How to fix WARNING: No knife configuration file found·
WARNING: No knife configuration file found ERROR: Your private key could not be loaded from /etc/chef/client.pem Check your configuration file and ensure that your private key is readable
If you’re seeing that error and you’ve been moving your
.chef directory around, this is probably why.
In order to interact with the Chef server,
knife needs to have access to configuration file, either
config.rb, and a key file to make authenticated requests. These files are kept in a
.chef directory (inside the
chef-repo by default), but knife will let you move the directory around.
knife will look for the
.chef directory in:
- Inside the current directory
- In your home directory
- In any parent directory from where you executed the command
While this sounds flexible its actually unfortunate since placing it anywhere other than inside
chef-repo can be harmful.
Lets setup an example here. Lets say you have a directory structure like
~/code/otherStuff/chef-repo and you’re running the command
knife node list in that directory.
First knife is going to look for the
.chef directory inside your current directory, that is it’ll look for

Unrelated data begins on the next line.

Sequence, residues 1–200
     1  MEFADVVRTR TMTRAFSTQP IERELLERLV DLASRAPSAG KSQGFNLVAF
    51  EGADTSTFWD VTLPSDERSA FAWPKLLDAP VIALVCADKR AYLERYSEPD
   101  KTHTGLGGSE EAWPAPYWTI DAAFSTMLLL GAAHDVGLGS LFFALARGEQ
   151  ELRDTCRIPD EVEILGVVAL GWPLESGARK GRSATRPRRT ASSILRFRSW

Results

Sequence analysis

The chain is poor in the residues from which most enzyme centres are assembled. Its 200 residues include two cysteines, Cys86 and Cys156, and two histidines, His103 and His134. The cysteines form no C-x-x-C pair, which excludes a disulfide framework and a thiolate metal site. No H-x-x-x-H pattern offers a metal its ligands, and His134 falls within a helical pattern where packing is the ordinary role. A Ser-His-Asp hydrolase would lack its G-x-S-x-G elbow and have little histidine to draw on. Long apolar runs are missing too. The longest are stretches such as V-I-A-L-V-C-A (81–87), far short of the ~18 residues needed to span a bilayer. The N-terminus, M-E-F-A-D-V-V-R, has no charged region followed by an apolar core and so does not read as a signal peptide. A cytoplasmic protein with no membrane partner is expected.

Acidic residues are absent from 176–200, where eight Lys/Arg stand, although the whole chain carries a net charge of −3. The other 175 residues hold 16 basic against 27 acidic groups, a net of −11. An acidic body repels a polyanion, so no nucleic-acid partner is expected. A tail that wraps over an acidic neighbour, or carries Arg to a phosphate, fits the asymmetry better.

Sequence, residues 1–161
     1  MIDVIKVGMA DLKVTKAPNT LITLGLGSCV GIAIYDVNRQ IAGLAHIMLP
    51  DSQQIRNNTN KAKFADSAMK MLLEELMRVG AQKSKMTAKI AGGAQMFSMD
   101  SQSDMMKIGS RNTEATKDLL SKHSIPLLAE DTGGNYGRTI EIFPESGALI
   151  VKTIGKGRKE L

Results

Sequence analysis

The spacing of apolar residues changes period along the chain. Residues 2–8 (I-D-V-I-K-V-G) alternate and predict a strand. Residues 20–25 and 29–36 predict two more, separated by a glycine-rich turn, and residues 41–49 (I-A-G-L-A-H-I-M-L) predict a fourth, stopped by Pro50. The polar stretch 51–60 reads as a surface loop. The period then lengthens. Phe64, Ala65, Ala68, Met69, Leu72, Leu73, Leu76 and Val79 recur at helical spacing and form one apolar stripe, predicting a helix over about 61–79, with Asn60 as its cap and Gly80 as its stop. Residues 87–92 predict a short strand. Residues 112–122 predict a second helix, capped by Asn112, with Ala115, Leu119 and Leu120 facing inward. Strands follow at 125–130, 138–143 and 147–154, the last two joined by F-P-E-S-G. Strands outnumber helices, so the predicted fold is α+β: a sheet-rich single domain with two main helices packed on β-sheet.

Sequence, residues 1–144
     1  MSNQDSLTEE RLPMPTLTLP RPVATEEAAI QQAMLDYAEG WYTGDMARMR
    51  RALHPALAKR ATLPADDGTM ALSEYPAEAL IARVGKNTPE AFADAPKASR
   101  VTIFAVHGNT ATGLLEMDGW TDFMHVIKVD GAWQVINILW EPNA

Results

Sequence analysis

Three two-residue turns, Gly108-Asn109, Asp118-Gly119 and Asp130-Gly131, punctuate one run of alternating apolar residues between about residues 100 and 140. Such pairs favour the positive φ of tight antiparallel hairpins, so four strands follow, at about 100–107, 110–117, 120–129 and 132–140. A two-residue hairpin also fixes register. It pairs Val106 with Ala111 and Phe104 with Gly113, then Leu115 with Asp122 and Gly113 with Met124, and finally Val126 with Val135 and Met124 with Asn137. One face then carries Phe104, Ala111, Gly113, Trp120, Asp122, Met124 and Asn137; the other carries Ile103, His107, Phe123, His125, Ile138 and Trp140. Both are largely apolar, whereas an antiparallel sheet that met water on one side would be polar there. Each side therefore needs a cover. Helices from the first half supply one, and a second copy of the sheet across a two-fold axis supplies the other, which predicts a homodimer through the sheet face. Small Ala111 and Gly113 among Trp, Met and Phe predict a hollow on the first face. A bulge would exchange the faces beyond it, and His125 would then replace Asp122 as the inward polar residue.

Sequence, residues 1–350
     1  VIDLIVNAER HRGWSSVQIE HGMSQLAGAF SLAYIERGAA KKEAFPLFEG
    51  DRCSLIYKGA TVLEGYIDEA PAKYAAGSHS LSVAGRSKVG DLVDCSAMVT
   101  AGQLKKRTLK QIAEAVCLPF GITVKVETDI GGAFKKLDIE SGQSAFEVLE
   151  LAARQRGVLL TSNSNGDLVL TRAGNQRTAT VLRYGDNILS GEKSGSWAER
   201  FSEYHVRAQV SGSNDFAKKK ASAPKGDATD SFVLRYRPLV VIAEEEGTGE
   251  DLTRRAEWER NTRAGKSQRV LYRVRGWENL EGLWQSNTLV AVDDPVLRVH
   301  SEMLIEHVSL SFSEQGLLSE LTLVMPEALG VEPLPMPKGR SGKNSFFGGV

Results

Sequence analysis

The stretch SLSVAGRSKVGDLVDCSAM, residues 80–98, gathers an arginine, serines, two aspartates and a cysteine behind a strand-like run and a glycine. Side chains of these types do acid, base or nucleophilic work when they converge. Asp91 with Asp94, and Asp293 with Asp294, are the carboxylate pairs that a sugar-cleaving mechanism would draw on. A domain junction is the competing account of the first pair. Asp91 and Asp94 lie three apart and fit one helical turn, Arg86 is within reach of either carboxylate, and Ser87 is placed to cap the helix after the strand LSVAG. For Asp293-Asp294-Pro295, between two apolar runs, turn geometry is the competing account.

If that exists, it’ll check to see if it has the two files it needs, the configuration and the key. If it does, no problem, your command succeeds and you get a list of nodes, just as we’d expect.
If that directory doesn’t exist, the next place it will look is inside your home directory, so
~/.chef. If that exists and has your configuration and key you’re off to the races.
If it doesn’t, then
knife will continue to walk directories up from
~/code/otherStuff/chef-repo looking for a
.chef directory that satisfies these requirements. So it’ll look in
~/code/. If it still fails to find a directory that it needs, your command fails.
So far so good.
But what if you have a
.chef directory in your current directory where you’re running the command say, the
chef-repo, but maybe you’ve only kept bootstrap templates or a few other things there, but not your
knife.rb or your
config.rb and not your key.
What happens then?
I’d expect Chef to keep searching parent directories, but as you may have guessed that’s not really what happens.
If you have a
.chef directory in your current repo, but your key and config is in a parent directory that’s not your home directory, then Chef will simply fail.
In addition to the failure modes remember the point of Chef is to have a reproducible, versionable infrastructure. If you move your
.chef directory around, you’re much less likely to be able to achieve this. The
chef-repo directory is intended to be in source control, if you move directories outside of it, its going to be much harder to make sure you’re versioning everything.
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